Every subculture now gets a documentary feature of its own, it seems. The Lost Arcade isn’t about video arcades generally, but about one specific arcade: Chinatown Fair in Manhattan. And it isn’t even really about Chinatown Fair so much as it’s about a particular community of people who used to frequent the place, almost all of whom were (and still are) primarily into fighting games: the Street Fighter series, the Marvel Vs. Capcom series, etc. What interests director Kurt Vincent and producer-writer Irene Chin is the way that CF (as everyone calls it) gradually became a second home for a group of kids who felt like outcasts, in part because every other video arcade in Manhattan closed not long after the ’80s boom died out. At bottom, this is the story of freaks and geeks everywhere: a quest for the like-minded, rooted in obsessive engagement with a tiny sliver of pop culture. The Lost Arcade doesn’t offer a particularly fresh angle on the subject, but it may please those nostalgic for the days when people stood in front of huge cabinets, paying a quarter a shot to do their punching by avatar.


Chinatown Fair has been around for a long time—it opened in 1944, originally as a penny arcade and museum. The Lost Arcade zips through this backstory at top speed and subsequently does a poor job of clarifying arcade history in general; we’re told that all of the other arcades in Manhattan went under because people switched to home consoles following the advent of Nintendo, but that doesn’t explain where the Street Fighter and Dance Dance Revolution machines that CF subsequently hosted came from. (Manhattan real estate presents unique issues that were likely a factor, but the film never addresses this.) Vincent fudges other aspects, too. At one point, he shows what’s ostensibly a classified ad for Chinatown Fair from decades ago (“Video Arcade For Sale”), but all of the phone numbers visible in the ad start with 555. Not a federal offense, admittedly, but documentary fabrications like that can erode a viewer’s trust, even when they’re clearly intended to avoid legal hassles. (Just redact the numbers; don’t fake the ad.)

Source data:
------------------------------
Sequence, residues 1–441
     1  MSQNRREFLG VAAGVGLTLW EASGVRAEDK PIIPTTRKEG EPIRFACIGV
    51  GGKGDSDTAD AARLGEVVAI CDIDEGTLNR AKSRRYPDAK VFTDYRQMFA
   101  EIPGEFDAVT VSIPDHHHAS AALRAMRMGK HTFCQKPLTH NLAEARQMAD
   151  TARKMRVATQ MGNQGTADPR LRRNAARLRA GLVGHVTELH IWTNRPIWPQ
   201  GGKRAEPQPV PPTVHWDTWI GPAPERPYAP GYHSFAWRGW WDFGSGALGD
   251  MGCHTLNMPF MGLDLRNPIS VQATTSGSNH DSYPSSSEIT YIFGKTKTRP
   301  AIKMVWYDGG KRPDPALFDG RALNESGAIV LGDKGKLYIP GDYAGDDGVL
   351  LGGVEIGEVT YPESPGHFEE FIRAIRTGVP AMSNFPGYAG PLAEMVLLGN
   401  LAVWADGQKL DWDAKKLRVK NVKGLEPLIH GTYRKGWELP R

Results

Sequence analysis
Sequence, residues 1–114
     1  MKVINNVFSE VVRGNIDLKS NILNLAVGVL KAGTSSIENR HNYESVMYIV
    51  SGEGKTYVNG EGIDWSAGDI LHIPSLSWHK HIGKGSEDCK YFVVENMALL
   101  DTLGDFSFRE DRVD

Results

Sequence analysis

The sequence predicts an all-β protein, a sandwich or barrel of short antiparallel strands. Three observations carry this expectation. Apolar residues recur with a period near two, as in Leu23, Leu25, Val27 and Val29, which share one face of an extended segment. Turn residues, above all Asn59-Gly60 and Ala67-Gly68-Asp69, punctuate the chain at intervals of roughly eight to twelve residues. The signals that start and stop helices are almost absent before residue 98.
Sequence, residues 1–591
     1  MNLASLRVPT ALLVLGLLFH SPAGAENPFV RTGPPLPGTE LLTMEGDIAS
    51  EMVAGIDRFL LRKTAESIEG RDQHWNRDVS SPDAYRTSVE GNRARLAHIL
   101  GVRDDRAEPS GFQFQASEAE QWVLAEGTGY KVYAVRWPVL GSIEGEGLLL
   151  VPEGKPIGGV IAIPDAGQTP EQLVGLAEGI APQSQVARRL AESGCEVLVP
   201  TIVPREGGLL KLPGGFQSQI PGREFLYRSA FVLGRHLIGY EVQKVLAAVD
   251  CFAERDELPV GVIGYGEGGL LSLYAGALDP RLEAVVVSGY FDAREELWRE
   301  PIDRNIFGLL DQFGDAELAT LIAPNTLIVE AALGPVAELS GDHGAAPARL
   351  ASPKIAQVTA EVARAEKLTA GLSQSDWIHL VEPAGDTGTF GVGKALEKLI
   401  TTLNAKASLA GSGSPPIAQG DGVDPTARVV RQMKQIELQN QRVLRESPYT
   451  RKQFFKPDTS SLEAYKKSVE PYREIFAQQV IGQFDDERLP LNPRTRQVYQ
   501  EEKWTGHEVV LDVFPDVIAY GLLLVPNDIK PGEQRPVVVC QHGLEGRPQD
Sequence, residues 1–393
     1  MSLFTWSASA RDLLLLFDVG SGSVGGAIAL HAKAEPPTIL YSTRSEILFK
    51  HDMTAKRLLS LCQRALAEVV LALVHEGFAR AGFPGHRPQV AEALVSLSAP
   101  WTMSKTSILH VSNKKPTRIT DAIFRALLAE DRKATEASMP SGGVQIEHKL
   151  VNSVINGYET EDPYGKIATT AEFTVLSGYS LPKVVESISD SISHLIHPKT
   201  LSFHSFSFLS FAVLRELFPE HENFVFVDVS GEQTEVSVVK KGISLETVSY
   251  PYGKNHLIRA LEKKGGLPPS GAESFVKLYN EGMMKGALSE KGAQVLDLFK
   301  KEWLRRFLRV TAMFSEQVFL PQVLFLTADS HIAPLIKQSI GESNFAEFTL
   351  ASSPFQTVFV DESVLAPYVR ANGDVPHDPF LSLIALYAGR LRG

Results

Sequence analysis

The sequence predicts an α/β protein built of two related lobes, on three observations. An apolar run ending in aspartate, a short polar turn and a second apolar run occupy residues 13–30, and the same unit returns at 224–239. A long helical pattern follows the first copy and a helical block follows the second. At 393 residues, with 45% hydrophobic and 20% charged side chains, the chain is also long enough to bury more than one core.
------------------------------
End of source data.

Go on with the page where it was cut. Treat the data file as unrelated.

Thankfully, the interview subjects come across as indelibly real. The Lost Arcade devotes much of its slender running time to two people: Akuma Hokura, a guy who found an escape from a troubled childhood (and then a fairly troubled adulthood) at Chinatown Fair, and Henry Cen, who started out sweeping the floor and eventually wound up running the joint. When longtime owner Sam Palmer finally decided to close up shop in 2011, Cen was so determined to maintain the community that had formed there that he opened a new business, Next Level, in Brooklyn, to which everyone migrated. (He now runs games mostly on Xbox and PlayStation, though, noting that nostalgia for cabinets is just not profitable.) Chinatown Fair has since re-opened under new management, which has rebranded it as a family-friendly establishment; the movie mostly views this as a betrayal, though Vincent does include an interview with a young woman who points out that the new CF is a whole lot more welcoming of women. All three locations—the old Chinatown Fair, Next Level, and the new Chinatown Fair Family Fun Center—have one thing in common, though: What they offer, cinematically, is mostly an opportunity to watch other people playing video games. If close-ups of fingers manically tapping buttons thrills you, this is your movie.